:: the gateway ::

The sign in front of you shows a hippo grazing under a crescent moon and three stars. Beware Hippos at Night, it reads. Nothing makes you feel more welcome than to know that the mammal responsible for more human fatalities on the continent of Africa than any other roams freely on the streets of the town you have chosen to stay in!


Though the hippos of St Lucia are moderately tame, they are still very large and skittish animals, and extremely aggressive when agitated. The idea of encountering one on the suburban streets in the dark as they graze on the grass is not to be taken lightly, but it is a very unique and memorable experience. Though we weren’t lucky enough to encounter them, we did hear that they had been engaged in a territorial battle just a few streets over from where we were wandering.

St Lucia is the gateway town to iSimangaliso Wetland Park. This thin strip of coastline and wetlands is home to close to 800 hippos as well as Nile crocodiles, rhino, leopard, water buffalo, zebra, nyala, warthog and numerous other land based species. The ecosystem is a mixture of the world’s highest vegetated sand dunes, marshy estuaries and open plains. Off the coast are excellent snorkelling and diving waters on the migratory path of humpback whales and whale sharks, while the beaches are known nesting grounds for loggerhead and green turtles.

iSimangaliso must be the only place on the globe where the oldest land mammal (the rhinoceros) and the world’s biggest terrestrial mammal (the elephant) share an ecosystem with the world’s oldest fish (the coelacanth) and the world’s biggest marine mammal (the whale) Nelson Mandela

There are two main ways to experience this area – either in your car or on the water. Driving up from St Lucia to Cape Vidal will take you right through the heart of the park. The key is to take every little turn-off loop from the main road which will take you past watering holes filled with hippos, up into the forested dunes and right to the edge of the inland estuary.

We were both extremely keen to see hippos so the signs everywhere warning visitors of them crossing the road made us even more excited. The idea of seeing something so large both on land and in the water was overly enticing and so we were thrilled when our first turn-off loop led us to a small pond filled with eight to ten hippos floating in the water!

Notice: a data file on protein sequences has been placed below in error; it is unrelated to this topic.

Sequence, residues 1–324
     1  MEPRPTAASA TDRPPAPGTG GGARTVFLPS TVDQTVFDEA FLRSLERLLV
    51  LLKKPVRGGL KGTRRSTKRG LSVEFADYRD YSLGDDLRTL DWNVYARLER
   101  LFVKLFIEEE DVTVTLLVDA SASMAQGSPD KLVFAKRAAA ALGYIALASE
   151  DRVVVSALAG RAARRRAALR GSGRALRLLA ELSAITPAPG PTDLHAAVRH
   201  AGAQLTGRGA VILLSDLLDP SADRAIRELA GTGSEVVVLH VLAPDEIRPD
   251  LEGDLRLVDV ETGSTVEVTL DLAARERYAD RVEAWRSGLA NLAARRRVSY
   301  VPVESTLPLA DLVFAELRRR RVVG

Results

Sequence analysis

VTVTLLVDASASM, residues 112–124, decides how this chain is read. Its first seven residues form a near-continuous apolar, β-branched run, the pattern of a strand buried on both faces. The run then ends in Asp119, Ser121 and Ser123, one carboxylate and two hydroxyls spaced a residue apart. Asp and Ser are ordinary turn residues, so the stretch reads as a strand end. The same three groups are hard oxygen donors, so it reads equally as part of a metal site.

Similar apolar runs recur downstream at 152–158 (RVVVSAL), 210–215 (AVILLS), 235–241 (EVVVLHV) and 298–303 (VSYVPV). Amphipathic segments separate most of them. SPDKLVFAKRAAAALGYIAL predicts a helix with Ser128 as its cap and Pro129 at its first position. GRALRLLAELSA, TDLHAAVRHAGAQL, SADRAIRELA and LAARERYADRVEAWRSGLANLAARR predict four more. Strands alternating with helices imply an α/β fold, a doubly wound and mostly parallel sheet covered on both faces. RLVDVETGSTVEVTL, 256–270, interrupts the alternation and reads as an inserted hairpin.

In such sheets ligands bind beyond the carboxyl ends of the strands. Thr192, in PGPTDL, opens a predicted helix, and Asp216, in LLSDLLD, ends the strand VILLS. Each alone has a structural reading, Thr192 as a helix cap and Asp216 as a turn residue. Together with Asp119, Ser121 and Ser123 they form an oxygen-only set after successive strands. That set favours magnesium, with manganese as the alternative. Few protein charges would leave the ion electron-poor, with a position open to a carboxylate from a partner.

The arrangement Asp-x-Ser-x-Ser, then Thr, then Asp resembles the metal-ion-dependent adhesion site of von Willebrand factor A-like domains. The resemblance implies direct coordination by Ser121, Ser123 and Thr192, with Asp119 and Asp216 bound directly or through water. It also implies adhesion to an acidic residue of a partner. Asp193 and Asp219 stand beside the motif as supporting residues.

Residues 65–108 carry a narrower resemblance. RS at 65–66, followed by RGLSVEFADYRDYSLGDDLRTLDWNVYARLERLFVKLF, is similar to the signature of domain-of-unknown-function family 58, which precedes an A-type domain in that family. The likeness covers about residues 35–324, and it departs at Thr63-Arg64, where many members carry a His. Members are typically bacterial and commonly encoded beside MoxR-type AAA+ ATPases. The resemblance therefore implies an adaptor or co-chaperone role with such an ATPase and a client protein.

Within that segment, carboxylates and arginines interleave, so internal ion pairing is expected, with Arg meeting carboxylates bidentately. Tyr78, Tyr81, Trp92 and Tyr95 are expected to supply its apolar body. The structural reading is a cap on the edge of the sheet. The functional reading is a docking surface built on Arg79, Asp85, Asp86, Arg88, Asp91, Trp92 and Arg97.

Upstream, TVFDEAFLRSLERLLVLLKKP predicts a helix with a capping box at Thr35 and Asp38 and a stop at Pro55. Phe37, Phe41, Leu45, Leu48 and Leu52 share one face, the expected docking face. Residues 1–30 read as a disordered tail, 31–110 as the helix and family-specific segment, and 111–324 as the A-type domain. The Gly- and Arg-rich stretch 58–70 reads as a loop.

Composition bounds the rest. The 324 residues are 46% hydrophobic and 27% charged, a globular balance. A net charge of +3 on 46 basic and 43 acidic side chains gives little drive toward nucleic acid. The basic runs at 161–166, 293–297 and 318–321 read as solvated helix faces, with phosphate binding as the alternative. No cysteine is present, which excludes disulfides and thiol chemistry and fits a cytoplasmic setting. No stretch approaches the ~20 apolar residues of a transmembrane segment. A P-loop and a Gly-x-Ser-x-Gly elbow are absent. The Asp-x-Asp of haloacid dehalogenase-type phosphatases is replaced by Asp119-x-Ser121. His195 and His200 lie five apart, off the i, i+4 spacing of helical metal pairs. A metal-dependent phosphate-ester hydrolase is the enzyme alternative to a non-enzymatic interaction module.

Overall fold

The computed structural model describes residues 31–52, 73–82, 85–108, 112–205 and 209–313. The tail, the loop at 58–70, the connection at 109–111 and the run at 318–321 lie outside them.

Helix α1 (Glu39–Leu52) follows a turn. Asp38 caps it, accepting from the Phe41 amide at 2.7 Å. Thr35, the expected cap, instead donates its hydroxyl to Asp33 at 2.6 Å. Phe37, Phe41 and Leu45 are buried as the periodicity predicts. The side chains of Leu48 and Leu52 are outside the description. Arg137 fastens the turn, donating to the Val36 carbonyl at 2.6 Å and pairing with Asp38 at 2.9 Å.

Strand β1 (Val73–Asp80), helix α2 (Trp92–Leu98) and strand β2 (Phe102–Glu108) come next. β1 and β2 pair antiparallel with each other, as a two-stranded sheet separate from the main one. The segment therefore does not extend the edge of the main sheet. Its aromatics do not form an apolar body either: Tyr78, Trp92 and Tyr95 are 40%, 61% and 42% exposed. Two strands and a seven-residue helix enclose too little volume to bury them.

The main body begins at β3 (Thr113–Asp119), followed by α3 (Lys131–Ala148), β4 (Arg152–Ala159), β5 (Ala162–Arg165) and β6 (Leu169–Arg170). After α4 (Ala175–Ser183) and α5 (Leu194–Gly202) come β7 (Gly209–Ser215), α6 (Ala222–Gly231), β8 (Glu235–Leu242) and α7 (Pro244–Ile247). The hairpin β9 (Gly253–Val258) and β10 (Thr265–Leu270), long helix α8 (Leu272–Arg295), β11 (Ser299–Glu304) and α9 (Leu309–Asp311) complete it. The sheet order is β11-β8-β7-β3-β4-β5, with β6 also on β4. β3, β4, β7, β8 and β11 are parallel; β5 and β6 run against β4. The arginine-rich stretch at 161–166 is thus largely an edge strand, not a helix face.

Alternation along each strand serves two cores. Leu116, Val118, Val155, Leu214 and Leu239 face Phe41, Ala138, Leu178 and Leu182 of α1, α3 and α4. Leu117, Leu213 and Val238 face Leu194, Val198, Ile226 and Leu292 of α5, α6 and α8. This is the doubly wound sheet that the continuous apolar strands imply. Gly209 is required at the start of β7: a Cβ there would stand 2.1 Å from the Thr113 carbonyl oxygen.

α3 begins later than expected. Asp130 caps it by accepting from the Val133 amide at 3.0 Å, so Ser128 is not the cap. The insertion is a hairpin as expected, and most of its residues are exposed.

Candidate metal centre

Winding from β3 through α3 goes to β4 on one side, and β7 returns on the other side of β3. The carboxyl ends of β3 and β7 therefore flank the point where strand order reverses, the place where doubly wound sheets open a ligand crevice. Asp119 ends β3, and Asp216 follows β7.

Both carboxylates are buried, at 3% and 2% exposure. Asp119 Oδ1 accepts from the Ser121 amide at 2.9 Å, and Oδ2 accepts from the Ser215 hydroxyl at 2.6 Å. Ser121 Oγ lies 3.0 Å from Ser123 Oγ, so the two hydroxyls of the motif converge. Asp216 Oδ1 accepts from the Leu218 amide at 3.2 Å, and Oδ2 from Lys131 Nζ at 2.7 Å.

At first all we could see were a couple of sets of eyes, some ears flapping away flies and the occasional snout. Before too long there were a couple of younger hippos play fighting, displaying their enormous mouths and sharp teeth. As the sun grew stronger the family of hippos made their way into the muddy shallows and spent hours basking in the warmth of the sun, laying so still they could have easily been mistaken for huge grey rocks.

One of the best ways to truly feel a connection to the hippos and get up close and personal with them is to kayak out on the estuary. St Lucia Kayaks will take you out for a few hours to look for hippos, crocs, birds and even sharks! Unlike the wildlife boat cruises, you have to do all the work, but it is something special to come across hippos in the water and to be at their level!

Within ten minutes of launching we spotted half a dozen hippos relaxing in the shallow waters. Much like the other ones, we could just see eyes, ears and snouts, but this time it was from fifty meters away across water. It was thrilling to momentarily be in the same water with these giants, steadily getting closer as the current pushed the kayaks towards the shore. Further up river we were treated to sightings of Egyptian geese, a kingfisher, herons and even a shark ever so briefly. As the temperatures of the water dropped headed into winter, the crocodiles were unfortunately well out of sight in the reeds trying to stay warm.

This little corner of KwaZulu Natal province is really quite special. Driving yourself up the coast and having close encounters with so many different animals is not necessarily unique in Africa, but the variety you can see here is special.

After a couple of hours watching hippo, and having up close encounters with a water buffalo, kudu and warthog, we popped out onto the huge expanse of sand at the top of Cape Vidal. There the warm waters of the Indian Ocean washed up onto smooth white expansive beaches nestled right up against the vegetated dunes.

It was the perfect place to poke around on the exposed rocks as the tide receded, looking for interesting crabs, mussels and other animals left in the rock pools. The waters were inviting, but as we looked north up the coast past the weekend tourists, we could see the desolate expanse of beach and knew we could wait for a more special swimming opportunities.

Exploring the park’s natural beauty, spotting wildlife in the wetlands and enjoying the warm humid air was a perfect way to spend a day in this hidden gem in the corner of South Africa.

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